From wasteland to theatre of dreams – London’s Olympic Park in Stratford

After the London 2012 team won the bid to host the Olympics in 2005, plans were put in place to redevelop vast expanses of urban wasteland in the east of London to host the summer games.

An expectant audience got its first look at the newly regenerated park in Stratford on 27th July, when the opening ceremony drew the world’s gaze. An estimated four billion people watched Danny Boyle’s opening extravaganza, culminating in a spectacular firework display along the Thames.

But what’s on the Olympic Park? And what will happen to it after the closure of the Games of the 30th Olympiad have closed? Those questions and others have been posed time and again over the build-up to the Olympics.

The Olympic Park

The 200-hectare site, located on a former brownfield industrial area in the East End of London, is home to a number of the Olympic venues that you will have seen on the television during the course of the games.


An aerial view of the Olympic Park in April 2012.

A number of sports venues have been built on the site, including the Olympic Stadium that played its part in the opening ceremony and is now hosting the athletics. In addition to the stadium, the site has the London Aquatic Arena where the swimming competitions were held, the London Velopark in which Brits found so much gold medal success and the intriguingly named Copper Box, where fencing and handball competitions were staged.


The aerial views of the Olympic Park show the scale of the construction and the landscaping of former wasteland areas

The aerial views of the Olympic Park show the scale of the construction and the landscaping of former wasteland areas

Source: Between the sporting venues, architects and landscape artists have created a beautiful park for visitors and sports fans to enjoy. The giant electricity pylons that previously dominated the skyline have been removed and replaced with open spaces and neatly arranged communal areas where people can soak up the Olympic atmosphere.

The Olympic Legacy

Part of the plans for bringing the Olympics to London was to ensure a lasting legacy for the population of East London through increased visitors to the area and opportunities to participate in sport.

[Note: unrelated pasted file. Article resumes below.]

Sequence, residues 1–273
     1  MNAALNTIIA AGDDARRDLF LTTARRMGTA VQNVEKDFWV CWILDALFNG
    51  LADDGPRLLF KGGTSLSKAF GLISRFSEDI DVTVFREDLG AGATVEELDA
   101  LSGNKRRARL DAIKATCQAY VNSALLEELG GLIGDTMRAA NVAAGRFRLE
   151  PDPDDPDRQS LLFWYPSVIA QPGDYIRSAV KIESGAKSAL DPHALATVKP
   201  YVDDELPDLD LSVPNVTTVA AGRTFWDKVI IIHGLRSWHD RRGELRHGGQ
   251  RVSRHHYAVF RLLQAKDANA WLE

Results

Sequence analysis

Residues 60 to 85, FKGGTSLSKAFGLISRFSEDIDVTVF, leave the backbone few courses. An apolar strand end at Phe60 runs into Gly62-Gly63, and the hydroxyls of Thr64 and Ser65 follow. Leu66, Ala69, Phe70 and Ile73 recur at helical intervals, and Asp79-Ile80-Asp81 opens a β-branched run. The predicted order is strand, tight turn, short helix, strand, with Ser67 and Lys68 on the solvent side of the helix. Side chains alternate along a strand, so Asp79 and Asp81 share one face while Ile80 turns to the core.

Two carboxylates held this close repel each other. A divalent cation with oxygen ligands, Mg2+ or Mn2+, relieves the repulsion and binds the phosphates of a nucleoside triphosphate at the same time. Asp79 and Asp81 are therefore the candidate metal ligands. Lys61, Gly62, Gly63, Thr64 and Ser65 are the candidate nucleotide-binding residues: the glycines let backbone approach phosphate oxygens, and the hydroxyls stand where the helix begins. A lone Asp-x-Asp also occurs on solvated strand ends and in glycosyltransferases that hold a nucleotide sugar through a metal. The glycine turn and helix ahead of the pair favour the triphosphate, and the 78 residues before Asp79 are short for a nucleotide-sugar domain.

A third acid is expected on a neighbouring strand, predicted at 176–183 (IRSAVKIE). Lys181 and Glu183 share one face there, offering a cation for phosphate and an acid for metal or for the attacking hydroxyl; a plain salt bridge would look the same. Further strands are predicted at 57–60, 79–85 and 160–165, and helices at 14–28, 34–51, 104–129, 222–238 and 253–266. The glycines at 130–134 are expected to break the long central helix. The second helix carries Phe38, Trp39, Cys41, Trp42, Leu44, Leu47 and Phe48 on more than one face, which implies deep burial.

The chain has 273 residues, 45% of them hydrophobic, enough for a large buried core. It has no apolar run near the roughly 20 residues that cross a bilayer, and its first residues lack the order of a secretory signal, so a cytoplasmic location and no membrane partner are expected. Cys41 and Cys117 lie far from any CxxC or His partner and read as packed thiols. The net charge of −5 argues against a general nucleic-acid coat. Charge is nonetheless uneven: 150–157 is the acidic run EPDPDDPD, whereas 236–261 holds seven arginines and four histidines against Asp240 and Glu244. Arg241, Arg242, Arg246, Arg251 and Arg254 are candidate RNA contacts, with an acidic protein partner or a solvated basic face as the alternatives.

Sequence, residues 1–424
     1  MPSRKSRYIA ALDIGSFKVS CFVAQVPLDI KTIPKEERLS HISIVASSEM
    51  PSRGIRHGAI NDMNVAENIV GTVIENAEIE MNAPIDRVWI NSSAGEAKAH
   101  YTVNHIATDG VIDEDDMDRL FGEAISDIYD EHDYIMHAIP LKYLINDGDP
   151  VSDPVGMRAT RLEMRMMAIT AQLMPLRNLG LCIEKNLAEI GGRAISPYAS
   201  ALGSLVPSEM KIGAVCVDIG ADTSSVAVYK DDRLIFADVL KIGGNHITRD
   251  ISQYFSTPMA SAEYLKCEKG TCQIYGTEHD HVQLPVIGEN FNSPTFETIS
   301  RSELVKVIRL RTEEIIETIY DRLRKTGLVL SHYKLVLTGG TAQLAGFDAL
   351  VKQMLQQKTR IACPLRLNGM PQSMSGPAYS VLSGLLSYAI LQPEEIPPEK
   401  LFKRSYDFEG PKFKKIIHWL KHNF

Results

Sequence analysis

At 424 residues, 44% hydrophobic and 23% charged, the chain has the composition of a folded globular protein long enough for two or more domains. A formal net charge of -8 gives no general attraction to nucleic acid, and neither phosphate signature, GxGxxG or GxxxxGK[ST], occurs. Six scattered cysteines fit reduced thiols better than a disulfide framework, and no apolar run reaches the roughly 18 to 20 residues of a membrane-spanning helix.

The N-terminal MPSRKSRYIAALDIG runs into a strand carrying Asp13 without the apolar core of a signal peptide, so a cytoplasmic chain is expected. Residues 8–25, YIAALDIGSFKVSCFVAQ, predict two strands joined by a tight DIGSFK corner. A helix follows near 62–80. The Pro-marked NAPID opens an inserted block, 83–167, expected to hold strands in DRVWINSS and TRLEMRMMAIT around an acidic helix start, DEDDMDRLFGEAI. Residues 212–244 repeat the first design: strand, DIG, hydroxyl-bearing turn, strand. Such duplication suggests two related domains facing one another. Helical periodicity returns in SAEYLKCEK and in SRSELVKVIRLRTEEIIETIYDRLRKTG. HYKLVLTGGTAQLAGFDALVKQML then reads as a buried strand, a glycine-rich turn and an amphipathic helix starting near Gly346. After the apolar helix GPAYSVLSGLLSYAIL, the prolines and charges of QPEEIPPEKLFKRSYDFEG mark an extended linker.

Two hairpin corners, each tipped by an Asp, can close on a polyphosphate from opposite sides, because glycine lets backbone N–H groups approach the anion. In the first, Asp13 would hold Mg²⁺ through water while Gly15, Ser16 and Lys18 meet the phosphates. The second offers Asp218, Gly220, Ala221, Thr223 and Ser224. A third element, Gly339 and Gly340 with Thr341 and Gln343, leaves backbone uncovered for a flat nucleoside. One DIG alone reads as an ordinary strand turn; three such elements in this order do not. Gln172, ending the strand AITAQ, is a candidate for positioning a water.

After the games are over, six of the sporting venues on the park will be opened for local sports teams and clubs to make use of the world-class facilities.

A new addition to the area will be the opening of a new university, created to capitalise on the sporting facilities and communication infrastructure that were put in place to support the Olympic Games. Offering courses in sports science and communication technology, the university is proposing collaboration with the world famous Massachusetts Institute of Technology in the US.

The proposed university will also offer courses in ecological science, and in addition to the sporting and communications legacy the Olympic Park will be turned into a wildlife reserve. The largest new urban park in Europe created for over 150 years, the park will continue to grow and thrive long after the Olympic flame has been passed to Rio de Janeiro.

The fate of the Olympic Stadium still hangs in the balance as a number of football clubs based elsewhere in London are in negotiation to take it on after the games are finished. Whatever happens, there will be a use for the majestic venue once the Olympics is finished.


From the air, the Olympic Park is a breathtaking sight, take a ride on The London Helicopter to see the site in its full magnificence. The site, which has redeveloped some of the most unattractive disused land in London has become a place of beauty that generations of Londoners and visitors to the city can treasure.

Image Source: Wikipedia 1 & 2.